BIG GUNS IN ANTIOCH APRIL 23, 2015 by Eddie Trapp


As suspected, the recent articles about Bonnie and Clyde brought in a few emails about their sightings as they sped along back roads. One was particularly interesting and thanks to Phillip Noble for allowing me to use it. “My name is Phillip Noble and my family is from Delta County. Mark Deatherage is my distant cousin and still lives in Delta County. I visit every summer for a fish fry in Pecan Gap that Mark puts together. Another distant cousin is Weldon Briscoe that once lived in Pecan Gap. I currently live in Golden, Colorado and receive the Cooper Review in the mail, usually about a week late. I am a regular reader of your column and always enjoy the stories. My mother, Verna Charlene Briscoe Noble, was born in or around Antioch. As a young child she had an encounter with Bonnie and Clyde near her home. Her story has been passed down through the family and was even printed in the Dallas Morning News in 1999.”

Here is Phillip’s mother’s story. “The encounter occurred between Pecan Gap and Cooper when I was about ten years old. I’d been down the road hoeing weeds off the ditch bank. It was noon and I was going home for lunch. I was alone and right at the Y in the road. I came up out of the ditch and started walking home. I looked up and a roll of dust was coming over the hill from Pecan Gap. It looked like a tornado coming down that road and my eyes were big. I knew that somebody was really in a hurry. They zoomed right up to me and stopped. And it was Bonnie and Clyde but I didn’t know it at the time. Back then we weren’t afraid of anybody. Everybody was nice. Well, except for Bonnie and Clyde I guess. The car looked like a limo and we usually didn’t see anything except Model T Fords. The man driving said ‘Hello honey. Can you tell me which of these roads will take us to Commerce?’ I walked up to the car, put my arms on the door, and told him which way to go. As I leaned on the door I looked in the back seat and saw a lot of guns. The man thanked me and drove away as fast as he had come. I went home and told Mama about all the guns, big guns. She said not to worry, they were gone now.

Later that evening we had our little radio on. The news man said Bonnie and Clyde had been seen in Bonham, Ladonia, and Pecan Gap. The sheriff had chased them and lost them. I realized then it was Bonnie and Clyde I had talked to. The news man said they had got through Commerce and went on to parts unknown. I was afraid I would get in trouble for helping them get away. I knew they were awfully young. They were neat and clean and she was sitting over close to him. It wasn’t too long after that they were killed.”

Phillip commented on a coincidence that happened at the grave site when his mother was buried in 2011. “Mom passed away on May 2, 2011 and was buried next to my father in Crown Hill Memorial Cemetery just north of Love Field in Dallas. After the service many of our family and friends were telling stories near her grave. The Bonnie and Clyde story was mentioned and the funeral director heard it. He said he wanted to show us something and led us over to where Bonnie was buried. My mother and Bonnie Parker are buried not more than 30-40 yards apart. “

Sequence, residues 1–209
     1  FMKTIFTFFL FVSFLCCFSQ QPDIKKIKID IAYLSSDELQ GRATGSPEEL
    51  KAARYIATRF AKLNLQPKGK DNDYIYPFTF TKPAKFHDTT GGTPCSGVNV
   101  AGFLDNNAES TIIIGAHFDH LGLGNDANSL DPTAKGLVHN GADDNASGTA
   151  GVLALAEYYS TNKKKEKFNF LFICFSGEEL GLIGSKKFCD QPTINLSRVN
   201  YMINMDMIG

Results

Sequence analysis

Philip wound up the email with a few more tidbits: “As earlier mentioned I have a lot of relatives in Delta County and quite a few are buried in Oaklawn Cemetery. Some of their names are Noble, Briscoe, Wright, Turbeville, Davis, and Deatherage. There are still some of the remains of the house my great, great grandfather, Joshua H. Noble, built on the corner of CR 4135 and CR 4136. I have one of the bois d’arc stumps from the foundation and it is harder than any rock you can find. Last but not least, you previously mentioned Billy Poteet in your article. He was my P.E. teacher at Maple Lawn Elementary in Dallas many, many years ago. Take care, and maybe we will meet some day when I am passing through. Phillip Noble.” Thanks, Phillip for that historical and interesting information.

Fishermen are really happy about Cooper Lake being only about two feet low. Most people are catching quite a few fish each trip. I talked to Bobby at Johns Creek Lodge last week and he was also excited about the lake. Said this last weekend was the first time every room of his motel was filled with fishermen in two years. Son in law, Jason Barnett, Junior Larkin, and I fished two days and caught several catfish. Friday, Ronny Glossup, Junior Larkin, and I were pleasantly surprised to find Thursday night’s two inch rain around Commerce had South Sulphur running strong. We moved to the running water and caught well over a hundred pounds of blue catfish. Used shad for bait.

The sheriff of a small Louisiana town got a call about a huge alligator in a nearby lake. People were worried a kid or pet might get killed. The sheriff got his deputy to go along and they crawled up to some bushes growing close to the bank. As they peeped out over the lake there lay a very large alligator right in front of them just a few feet away. The alligator was looking right at them. The sheriff told his deputy to just stay calm; the alligator is just as scared of you as you are of it. The deputy said, “If that’s the case, the water in this lake ain’t fit to drink.”

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Ronny Glossup and Eddie Trapp with over a hundred pounds of blue catfish at the Doctors Creek fish cleaning table. Junior Larkin was also on the outing and took this picture.

Ronny Glossup and Eddie Trapp with over a hundred pounds of blue catfish at the Doctors Creek fish cleaning table. Junior Larkin was also on the outing and took this picture.

Author: Staff Reporter

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